“Our heart bears witness: no matter how we twist and turn and deny, by our inner decisions we will either move toward God or away from him.”(1)
In the biblical text there are concepts we can’t quite understand. Concepts that pose a mystery yet somehow we find words to describe them. The trinity is a good example and, as we’ve been discussing, the idea of knowing God.
In an upcoming novel by Jerry Jenkins, I Saul, there is a section where the Apostle Paul talks about his years as a young man. He describes a trip he and his father made to Jerusalem to select the rabbinical school where the young Paul would study. In an interview with Gamaliel, the head of the Hillel school, Paul is asked, “Tell me about you and God. Do you feel as if you know Him, or just about Him?”
Paul replies, “I have told my father and my Rabbi that I wish I could walk and talk with God the way Abraham, Isaac, and Jacob did.”
This desire of Paul’s was not something his father encouraged. His father believed it was not possible to know God in such a way and stated so. “…God is unknowable. We are called to know about Him and to obey.”
The observation by Paul’s father is not something Gamaliel totally rejects but he is quick to add, “…I choose not to forfeit the hope that we may know Him as did the Patriarchs.”(2)
As I read this exchange I found myself coming to terms with the reality that many of us, like Gamaliel and Paul, have a desire to know God. Not just as the Patriarchs did but in our own way. A personal and intimate way. How we describe that, just like other mysteries, is not as important as engaging it.
For the Patriarchs, the relationship with God was not one that focused so much on the walking and talking as it did obeying. It was in obeying that the relationship with God was cultivated. Without obedience the Patriarchs languished in the cloud of simply knowing about God. Without obedience any relational experience was in serious jeopardy, just as it was for the nation of Israel as a whole. We witness that countless times in the OT. Even David cried out, after his egregious sin, “Do not cast me away from your presence and do not take your holy spirit from me.”(3)
Because obedience to God was the principle path to knowing God, and as time revealed, his incarnate son, it’s important that that concept not be discounted. However, the idea of obedience does not mean keeping the “Law”, based on jots and tittles. (Remember the comment by Paul’s father?) The scriptures are rife with people who knew the Law but were, without question, estranged from God. Jesus expressed this same thought when he referred to people who called him “Lord, Lord”. He stated emphatically that he never knew them. However, keeping the Law based on its intended purpose was the path for moving beyond knowing about God to knowing God.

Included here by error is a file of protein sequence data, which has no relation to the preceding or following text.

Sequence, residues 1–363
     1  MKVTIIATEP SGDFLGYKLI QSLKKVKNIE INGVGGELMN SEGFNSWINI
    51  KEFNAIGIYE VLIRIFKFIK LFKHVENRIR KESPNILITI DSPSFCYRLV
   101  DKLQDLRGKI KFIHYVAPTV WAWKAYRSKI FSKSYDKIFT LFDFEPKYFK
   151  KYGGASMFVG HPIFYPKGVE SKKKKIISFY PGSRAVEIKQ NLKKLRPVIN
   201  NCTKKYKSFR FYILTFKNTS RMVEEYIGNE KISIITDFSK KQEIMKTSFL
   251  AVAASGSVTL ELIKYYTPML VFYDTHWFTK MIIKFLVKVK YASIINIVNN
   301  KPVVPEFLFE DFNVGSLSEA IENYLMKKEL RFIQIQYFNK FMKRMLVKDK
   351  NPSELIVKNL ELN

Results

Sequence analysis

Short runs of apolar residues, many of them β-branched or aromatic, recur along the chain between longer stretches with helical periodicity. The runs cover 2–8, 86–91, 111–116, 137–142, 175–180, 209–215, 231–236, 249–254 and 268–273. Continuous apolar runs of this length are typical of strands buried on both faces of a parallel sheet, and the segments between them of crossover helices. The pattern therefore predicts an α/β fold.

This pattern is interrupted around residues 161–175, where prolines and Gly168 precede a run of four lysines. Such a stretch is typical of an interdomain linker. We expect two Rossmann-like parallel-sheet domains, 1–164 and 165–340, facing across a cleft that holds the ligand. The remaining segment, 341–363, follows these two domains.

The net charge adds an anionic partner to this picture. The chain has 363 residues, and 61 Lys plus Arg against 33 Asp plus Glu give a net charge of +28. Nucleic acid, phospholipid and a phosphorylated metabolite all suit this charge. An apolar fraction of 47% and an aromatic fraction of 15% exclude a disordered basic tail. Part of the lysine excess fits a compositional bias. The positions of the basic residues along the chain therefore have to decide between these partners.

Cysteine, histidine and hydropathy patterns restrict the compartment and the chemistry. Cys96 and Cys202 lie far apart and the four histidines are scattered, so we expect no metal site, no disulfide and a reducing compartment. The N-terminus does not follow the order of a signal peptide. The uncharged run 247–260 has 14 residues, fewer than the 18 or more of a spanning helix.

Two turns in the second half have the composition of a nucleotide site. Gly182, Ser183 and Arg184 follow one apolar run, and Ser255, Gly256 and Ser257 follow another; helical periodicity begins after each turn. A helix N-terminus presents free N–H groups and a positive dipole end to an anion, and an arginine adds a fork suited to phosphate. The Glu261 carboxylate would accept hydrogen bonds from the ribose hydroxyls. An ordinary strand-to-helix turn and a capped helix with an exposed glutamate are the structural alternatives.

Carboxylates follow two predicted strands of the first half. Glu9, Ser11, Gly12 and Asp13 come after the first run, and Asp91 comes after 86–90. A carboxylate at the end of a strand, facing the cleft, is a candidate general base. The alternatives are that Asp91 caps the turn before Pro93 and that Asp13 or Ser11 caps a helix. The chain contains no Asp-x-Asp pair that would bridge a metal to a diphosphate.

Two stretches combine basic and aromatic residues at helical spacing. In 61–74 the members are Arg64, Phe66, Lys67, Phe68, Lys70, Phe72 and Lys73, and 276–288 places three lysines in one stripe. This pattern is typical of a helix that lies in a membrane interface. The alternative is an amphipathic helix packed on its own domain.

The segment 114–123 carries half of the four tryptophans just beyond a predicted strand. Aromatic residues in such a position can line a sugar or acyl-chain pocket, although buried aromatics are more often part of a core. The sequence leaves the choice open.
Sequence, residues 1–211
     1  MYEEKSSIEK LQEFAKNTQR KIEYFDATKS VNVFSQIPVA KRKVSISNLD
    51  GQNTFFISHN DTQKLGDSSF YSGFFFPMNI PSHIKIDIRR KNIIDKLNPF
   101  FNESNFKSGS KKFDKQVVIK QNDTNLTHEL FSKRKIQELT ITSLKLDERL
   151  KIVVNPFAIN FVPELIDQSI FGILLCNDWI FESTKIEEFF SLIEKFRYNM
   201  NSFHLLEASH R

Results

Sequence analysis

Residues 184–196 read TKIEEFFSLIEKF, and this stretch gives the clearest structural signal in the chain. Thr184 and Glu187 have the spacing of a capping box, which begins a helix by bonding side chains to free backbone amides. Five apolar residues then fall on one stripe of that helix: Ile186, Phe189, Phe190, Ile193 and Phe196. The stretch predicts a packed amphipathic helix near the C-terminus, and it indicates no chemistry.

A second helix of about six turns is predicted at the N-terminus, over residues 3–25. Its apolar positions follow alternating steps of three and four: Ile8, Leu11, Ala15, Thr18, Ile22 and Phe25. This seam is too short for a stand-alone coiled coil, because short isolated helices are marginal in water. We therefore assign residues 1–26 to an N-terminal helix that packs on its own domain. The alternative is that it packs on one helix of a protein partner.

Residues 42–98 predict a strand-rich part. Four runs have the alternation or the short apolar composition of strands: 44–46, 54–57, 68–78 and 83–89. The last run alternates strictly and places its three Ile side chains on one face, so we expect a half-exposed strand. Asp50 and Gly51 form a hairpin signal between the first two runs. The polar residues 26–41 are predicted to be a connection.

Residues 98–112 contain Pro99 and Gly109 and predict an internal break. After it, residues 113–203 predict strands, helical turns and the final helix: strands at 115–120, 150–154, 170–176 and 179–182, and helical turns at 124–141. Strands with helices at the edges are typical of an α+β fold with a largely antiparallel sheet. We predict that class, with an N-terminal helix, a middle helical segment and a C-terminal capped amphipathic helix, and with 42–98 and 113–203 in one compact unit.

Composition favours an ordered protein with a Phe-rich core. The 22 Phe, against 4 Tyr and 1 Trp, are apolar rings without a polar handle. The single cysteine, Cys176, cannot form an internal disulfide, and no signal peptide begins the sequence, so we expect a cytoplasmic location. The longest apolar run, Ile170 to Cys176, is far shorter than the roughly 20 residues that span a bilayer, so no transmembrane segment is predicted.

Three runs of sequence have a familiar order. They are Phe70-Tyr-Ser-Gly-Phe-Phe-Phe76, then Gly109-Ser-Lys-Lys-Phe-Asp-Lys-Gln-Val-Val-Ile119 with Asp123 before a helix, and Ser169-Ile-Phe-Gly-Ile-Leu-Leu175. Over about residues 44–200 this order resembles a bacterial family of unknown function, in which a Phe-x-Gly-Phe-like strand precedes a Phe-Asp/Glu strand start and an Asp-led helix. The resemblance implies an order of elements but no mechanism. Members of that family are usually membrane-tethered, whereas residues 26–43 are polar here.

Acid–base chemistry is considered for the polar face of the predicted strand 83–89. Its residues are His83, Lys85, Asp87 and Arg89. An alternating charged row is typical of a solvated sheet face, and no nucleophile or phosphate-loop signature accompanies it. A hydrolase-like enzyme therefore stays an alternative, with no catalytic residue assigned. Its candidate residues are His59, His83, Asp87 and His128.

Here’s where we need to be cautious. Even though obedience to God is the linchpin to knowing God, we should not misunderstand obedience as it relates to grace. It is through grace that we find our acceptance before the Almighty. It is through obedience that we express our gratitude for that grace. It was no different for the Patriarchs.
As Christ-followers, we come to the father only through his son. We come to the son only through grace. We come to grace only through faith.(4) Then and only then can we understand our obligation to obedience. It is through obedience that I experience “friendship” with the divine. As Jesus said, “You are my friends if you do what I command you.”(5)
What does it mean to walk and talk with God? Quite frankly it means obedience. Something Paul became totally committed to, at great cost, once he experienced the very presence of the Christ. It is also what summons you and I. Is obedience hard? Absolutely it is. I struggle with it every day. There is no easy path to obedience. I find if it’s not my thoughts getting in the way, it’s distractions coming from every side. If not those, do I need to mention that nemesis called television, or Facebook, or Twitter?
Yes we can “walk and talk with God like the Patriarchs.” We can not only know about God, we can know him. But that privilege comes tucked in the arms of obedience.
I would love to hear your thoughts. Do you feel obedience is important in our quest to know God? Or, is knowing God simply a matter of grace and nothing more? How close a bedfellow is obedience to what some call works righteousness?
(1) Francis Martin, The Bible and Epistemology, “The Word and Prayer: Epistemology in the Psalms”
(2) pg. 196-197, Advance Reader Copy, I, Saul, Worthy Publishing
(3) Psalm 51:11
(4) John 15:14